Sunday, January 14, 2007

IT’S A TEAM EFFORT… Over the past two months, I have had the honor of interviewing more than 250 Marines all across I MEF’s area of operations in Al Anbar province. It is typical to spend a few minutes just chatting informally Marine to Marine after an interview. Knowing that I have had the good fortune to see what our Corps is doing across its AO, Marines often ask, “How are we doing?” Younger Marines sometimes also ask, “How is my job making an impact?”

I will share with you what I tell them. We are making an impact here. Little by little, the Marine Corps is making this part of Iraq safer and more secure and setting the conditions not only for greater prosperity, but for eventual Iraqi control of the area. In some places, progress is rapid, measured by vast numbers of Iraqi police taking up posts in cities or dramatic reductions in the threat levels in an area. In other cases, the progress is more subtle, perhaps measured by a reduction in the number of IEDs being laid by insurgents or an increase in tips by the local population. As I look at the aggregate though, one thing is clear from my perspective; whether quickly or gradually, things are getting better across Al Anbar.

Why is this? The two most common themes I hear from commanders and senior officers are: 1) Patience is a virtue in Iraq, and 2) Our successes are due to amazing young Marines who put their heart and soul into their jobs every day.

The patience point is an important one. There are no quick fixes in Iraq. As much as all of us here and in Washington might wish for one, it doesn’t exist. From my vantage, a major cause of the Marines’ success here is the steady approach they have taken. Whether training Iraqi security forces, conducting operations against insurgents or building relations with the Iraqi people, the “long view” is being taken in every instance. This is paying off.

The credit for this success which commanders have attributed directly to their Marines speaks directly to that question asked by so many young Marines. They are so immersed in doing their job well, that they don’t have the opportunity to see its broader influence. Trust me, Marines – EACH OF YOU IS MAKING AN IMPACT. The young rifleman on patrol whose courtesy to a local civilian leads to a tip about an IED and saves a life. The helicopter mechanic who keeps that bird in the air to conduct the raid which takes an insurgent off the street. The fork lift operator who unloads the mail or essential supplies that give fellow Marines the boost they need to keep performing. The intel analyst who helps put that last piece of the puzzle together to find the IED cell… Each of you is doing your part. Individually it doesn’t seem to add up to much… put when you look at the whole team’s effort, the trend is clear. What they’re doing isn’t quick and it isn’t easy, but it is working. Keep up the effort, team.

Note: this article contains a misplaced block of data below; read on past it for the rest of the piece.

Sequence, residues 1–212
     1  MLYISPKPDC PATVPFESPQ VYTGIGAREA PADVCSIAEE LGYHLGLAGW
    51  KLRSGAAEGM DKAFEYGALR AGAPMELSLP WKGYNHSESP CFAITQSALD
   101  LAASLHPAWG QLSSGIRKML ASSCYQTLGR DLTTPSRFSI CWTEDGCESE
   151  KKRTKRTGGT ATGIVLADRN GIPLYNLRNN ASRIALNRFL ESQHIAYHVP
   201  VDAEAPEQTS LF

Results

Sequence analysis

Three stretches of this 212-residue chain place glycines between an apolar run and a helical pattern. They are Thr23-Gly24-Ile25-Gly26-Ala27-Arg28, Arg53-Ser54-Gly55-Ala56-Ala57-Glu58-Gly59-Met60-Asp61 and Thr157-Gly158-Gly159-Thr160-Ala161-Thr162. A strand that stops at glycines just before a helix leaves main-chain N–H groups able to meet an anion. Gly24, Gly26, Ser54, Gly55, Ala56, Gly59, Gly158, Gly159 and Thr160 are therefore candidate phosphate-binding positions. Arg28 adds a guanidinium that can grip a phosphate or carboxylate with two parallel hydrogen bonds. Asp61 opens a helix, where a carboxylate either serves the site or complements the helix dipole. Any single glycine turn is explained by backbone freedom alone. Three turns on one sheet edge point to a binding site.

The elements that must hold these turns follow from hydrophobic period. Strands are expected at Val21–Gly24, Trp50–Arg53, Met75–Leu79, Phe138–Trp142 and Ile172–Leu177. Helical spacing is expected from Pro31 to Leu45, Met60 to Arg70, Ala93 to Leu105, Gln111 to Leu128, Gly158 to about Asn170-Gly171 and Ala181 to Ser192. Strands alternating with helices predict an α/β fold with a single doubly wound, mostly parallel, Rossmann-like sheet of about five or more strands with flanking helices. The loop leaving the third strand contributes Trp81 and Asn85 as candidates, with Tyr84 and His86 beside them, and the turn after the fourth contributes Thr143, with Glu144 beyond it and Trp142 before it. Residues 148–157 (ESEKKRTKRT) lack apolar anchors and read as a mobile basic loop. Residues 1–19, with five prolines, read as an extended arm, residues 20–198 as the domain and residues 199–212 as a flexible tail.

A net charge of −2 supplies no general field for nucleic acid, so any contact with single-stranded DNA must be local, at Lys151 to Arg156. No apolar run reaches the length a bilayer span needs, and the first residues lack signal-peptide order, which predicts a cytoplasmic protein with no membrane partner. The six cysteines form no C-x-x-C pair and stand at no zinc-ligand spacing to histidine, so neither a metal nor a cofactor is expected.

Sunday, January 07, 2007

"HONOR, COURAGE, COMMITMENT - not just a bumper sticker." I spent most of the past week with 2nd Battalion, 8th Marines in their area of operations near Fallujah. My final interview of the week was with their Battalion Commander. In response to a question about his Marines and their actions and approach in the difficult area that they have been assigned, he described how proud he was of them. His comment that each day they prove that "Honor, courage, commitment (the Marine Corps' Core Values) are not just a bumper sticker" resonated with me based on what I had seen throughout my visit.

To put this comment in context, one has to understand recent history and the locale these Marines operate in. They have been assigned a rather large area situated between the two key cities in Al Anbar; Ramadi and Fallujah. Their area has likely been the unfortunate destination of many insurgents fleeing successful large-scale operations in both of these neighboring cities. As they have worked each day for the past several months to improve the security and quality of life for the local populace, they have been under steady attack by the terrorists who want desparately for them to fail in that mission. 2/8 has paid heavy toll during its time here, including 7 KIA and many more wounded. I was privileged to spend three days with the company that has been hit the hardest, losing 5 of their brothers during their time here. As I observed them conducting census operations in their area of responsibility; a painstaking and often dangerous undertaking which is vital to separate the innocent from the evil, I was amazed at the decency, bravery and professionalism exhibited by each Marine. (In other words: Honor, Courage, Commitment.)

Moving quickly through open areas to mitigate the threat of snipers (who have already claimed members of their company), they contacted each home in their assigned area for that patrol. As the Iraqis came to the door, the Marines treated them with unflagging courtesy and respect. The local citizens seemed to recognize and appreciate this, responding with cooperation and, in some cases, genuine hospitality. Children peeked curiously around parents and smiled shyly when one made eye contact.

Less honorable men wouldn't have the self-discipline to be so gracious toward a popuation that has, at times, harbored those who have killed their brothers. Less courageous men wouldn't have the heart to leave their hardened outpost each day to carry out this dangerous mission. Less committed men wouldn't have the resolve to carry out the complex and tedious jobs they are assigned each day. Fortunately for our nation and for the Iraqi citizens 2/8 has been assigned to protect, these Marines have Honor, Courage and Commitment to spare. It's not just a bumper sticker for them. It's their way of life.